I think that the difference between 90 and 95 will likely be small. But I am very interested in trying to test this empirically. I have a couple of brands of 95 CRI bulbs right now. In the near future, I plan to get some identical bulbs with various CRI ratings and test them against each other and a known test image. I will print out the test image, then scan it with the different bulbs and put up the results here. This should help us see what the actual trade-off is for the more expensive high-CRI bulbs.

Until I can do more testing, I will stick with 95 CRI bulbs. But I want to get a handle on the actual benefit they provide.


Re: Footsie Bookscanner

Posted: 11 Jun 2015, 20:02
by dpc
I plan to get some identical bulbs with various CRI ratings and test them against each other and a known test image.
Add a shot outside in the daylight too. That should get 100 CRI for comparison purposes.

You might want to get a color card rather than using something coming off of your printer. Search in the archives for work on color calibration done by Misty. While not specific to CRI, you might find her investigations interesting.

Re: Footsie Bookscanner

Posted: 12 Jun 2015, 04:08
by wmalcolmk
I've just been reading a US Department of Energy report on CRI.. ... _index.pdf
I'm not too sure that CRI is too important, since it is used to assess how things look by eye when a lamp illuminates an object.
When a lamp is used in a scanner there are many more factors that could influence the end result. For example in the comparison test that duerig proposes...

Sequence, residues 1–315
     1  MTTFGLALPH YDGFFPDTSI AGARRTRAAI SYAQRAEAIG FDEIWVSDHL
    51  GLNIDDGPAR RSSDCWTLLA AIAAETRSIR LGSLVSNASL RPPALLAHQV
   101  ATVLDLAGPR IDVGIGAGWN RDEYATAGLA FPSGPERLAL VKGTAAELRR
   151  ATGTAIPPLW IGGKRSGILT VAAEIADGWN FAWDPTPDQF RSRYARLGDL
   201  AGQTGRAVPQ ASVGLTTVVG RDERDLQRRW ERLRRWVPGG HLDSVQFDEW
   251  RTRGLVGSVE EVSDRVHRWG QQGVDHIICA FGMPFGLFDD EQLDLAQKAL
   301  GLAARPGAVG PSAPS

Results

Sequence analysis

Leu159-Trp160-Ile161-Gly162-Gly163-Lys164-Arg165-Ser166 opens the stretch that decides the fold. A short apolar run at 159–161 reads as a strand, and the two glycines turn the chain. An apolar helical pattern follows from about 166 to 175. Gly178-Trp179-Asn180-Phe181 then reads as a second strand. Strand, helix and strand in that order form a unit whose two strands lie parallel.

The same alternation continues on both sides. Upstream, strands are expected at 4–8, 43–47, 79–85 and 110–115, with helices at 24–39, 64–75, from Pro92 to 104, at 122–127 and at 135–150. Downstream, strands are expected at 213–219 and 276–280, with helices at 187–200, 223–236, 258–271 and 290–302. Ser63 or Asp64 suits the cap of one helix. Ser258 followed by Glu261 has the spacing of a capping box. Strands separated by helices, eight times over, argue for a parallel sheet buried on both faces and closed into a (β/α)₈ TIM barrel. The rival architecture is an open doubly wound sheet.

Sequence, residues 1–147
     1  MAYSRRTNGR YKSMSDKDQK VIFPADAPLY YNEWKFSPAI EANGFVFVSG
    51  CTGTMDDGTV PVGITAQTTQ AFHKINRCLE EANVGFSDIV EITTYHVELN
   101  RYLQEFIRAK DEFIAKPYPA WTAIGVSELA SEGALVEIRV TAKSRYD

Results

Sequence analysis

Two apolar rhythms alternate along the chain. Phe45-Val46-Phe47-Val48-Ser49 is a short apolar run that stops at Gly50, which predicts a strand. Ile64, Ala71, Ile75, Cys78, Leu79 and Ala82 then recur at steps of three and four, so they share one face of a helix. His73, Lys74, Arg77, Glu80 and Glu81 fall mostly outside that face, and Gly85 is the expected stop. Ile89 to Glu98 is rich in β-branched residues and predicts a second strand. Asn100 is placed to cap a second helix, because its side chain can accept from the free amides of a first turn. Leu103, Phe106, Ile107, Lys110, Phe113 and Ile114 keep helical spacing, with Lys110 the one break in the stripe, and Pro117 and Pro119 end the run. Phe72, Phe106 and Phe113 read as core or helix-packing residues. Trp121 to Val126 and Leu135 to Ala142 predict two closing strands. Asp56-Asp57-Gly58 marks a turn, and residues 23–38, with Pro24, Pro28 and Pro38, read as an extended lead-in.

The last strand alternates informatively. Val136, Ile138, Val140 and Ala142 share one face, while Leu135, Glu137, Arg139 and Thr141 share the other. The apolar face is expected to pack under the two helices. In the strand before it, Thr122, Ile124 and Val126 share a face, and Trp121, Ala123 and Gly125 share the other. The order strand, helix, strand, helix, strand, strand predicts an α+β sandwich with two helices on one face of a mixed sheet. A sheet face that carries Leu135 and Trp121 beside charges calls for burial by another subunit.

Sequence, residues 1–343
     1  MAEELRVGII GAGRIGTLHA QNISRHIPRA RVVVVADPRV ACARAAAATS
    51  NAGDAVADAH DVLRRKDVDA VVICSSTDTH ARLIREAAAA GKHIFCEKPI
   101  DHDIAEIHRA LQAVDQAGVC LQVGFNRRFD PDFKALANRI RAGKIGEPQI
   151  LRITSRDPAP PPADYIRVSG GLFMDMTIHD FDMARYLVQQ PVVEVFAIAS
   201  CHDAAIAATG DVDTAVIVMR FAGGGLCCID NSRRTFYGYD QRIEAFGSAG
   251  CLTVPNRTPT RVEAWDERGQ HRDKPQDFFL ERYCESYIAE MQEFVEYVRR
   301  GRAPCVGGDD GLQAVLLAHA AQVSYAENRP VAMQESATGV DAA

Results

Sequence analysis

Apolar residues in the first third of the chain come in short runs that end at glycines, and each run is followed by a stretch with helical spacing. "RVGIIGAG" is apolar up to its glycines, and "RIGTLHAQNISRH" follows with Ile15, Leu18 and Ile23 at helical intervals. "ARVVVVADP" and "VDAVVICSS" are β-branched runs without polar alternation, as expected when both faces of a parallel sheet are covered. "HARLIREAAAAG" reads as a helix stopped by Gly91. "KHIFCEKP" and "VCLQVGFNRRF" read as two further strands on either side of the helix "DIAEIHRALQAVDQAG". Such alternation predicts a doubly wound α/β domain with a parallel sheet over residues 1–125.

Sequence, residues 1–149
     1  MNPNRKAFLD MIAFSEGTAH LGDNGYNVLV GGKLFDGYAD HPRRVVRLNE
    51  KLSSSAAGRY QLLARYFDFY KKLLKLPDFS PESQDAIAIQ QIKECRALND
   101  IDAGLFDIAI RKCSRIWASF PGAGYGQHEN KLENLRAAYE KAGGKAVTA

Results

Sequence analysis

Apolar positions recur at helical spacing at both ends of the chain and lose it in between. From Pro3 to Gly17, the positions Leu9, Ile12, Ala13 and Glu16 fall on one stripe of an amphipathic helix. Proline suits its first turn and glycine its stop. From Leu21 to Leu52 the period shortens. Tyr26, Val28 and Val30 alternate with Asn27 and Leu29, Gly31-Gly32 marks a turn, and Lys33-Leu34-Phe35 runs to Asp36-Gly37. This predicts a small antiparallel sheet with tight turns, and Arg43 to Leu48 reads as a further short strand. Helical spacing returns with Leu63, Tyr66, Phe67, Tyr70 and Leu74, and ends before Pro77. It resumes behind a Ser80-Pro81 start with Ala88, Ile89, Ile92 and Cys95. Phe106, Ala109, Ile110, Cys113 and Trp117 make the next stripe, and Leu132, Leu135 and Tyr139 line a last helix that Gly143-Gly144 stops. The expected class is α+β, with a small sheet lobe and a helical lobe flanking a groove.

..I will print out the test image.. - the printer will alter the colour balance of the image on the page
.. then scan it with the different bulbs..- the camera in your scanner will change the colour balance again
.. and put up the results here...-my computer screen will change the colour balance yet again
Since it is possible to alter colour balance using most common image manipulation programs, perhaps all we can manage to do in a diy scanner, is to ensure that a pleasing colour image can be produced at the end of the process.
The photo process labs return some very dubious colour prints whenever I send them my snaps.

Re: Footsie Bookscanner

Posted: 12 Jun 2015, 07:41
by Marcus Eastty
Quick question about the book support: In the instructables tutorial is looks like a simple hinge connecting two pieces of plywood. I was thinking that wouldn't allow much room for thicker books like textbooks, bibles, etc. Then in this thread I saw what looks kind of like a hammock between the two pieces of plywood. I'm guessing this allows for thicker books to be scanned? How was that put together?


Re: Footsie Bookscanner

Posted: 12 Jun 2015, 09:02
by duerig
Retaining color fidelity is a goal worth pursuing even if it can never be fully achieved. By quantifying what benefit we actually get with high CRI lighting, we can help people decide whether they should pursue it for their own setups. I like the color card idea because that removes a lot of potential confounding factors mentioned here (print quality, screen quality). When I get together the supplies and can experiment, then I will post my results in a new thread. Probably in the R&D section.

I should note that even if you care about color fidelity, there are a lot of contexts in which it doesn't matter that much. If you are scanning black and white printed material, then as long as your white balance setting on the camera is correctly callibrated to your lights then that is all that matters.


Re: Footsie Bookscanner

Posted: 13 Jun 2015, 04:53
by wmalcolmk
Marcus asked how to make a book cradle with a centre section that conforms to the shape of the book spine. The photo below shows my cradle resting upside down on a flat surface. It was made from two plywood sheets, size 250x170x5mm, and two mdf strips 170mmx5x3mm. Hold them together using sticky backed canvas tape, ensuring that there are gaps between the strips. Turn the assembly over and put more tape on the other side, so that it acts as a hinge. The outrigger arms ensure that the rope is guided onto the pulleys. I'm still developing this aspect of the scanner.
Cradle.JPG (21.56 KiB) Viewed 5558 times

I hope this helps to explain it - Malcolm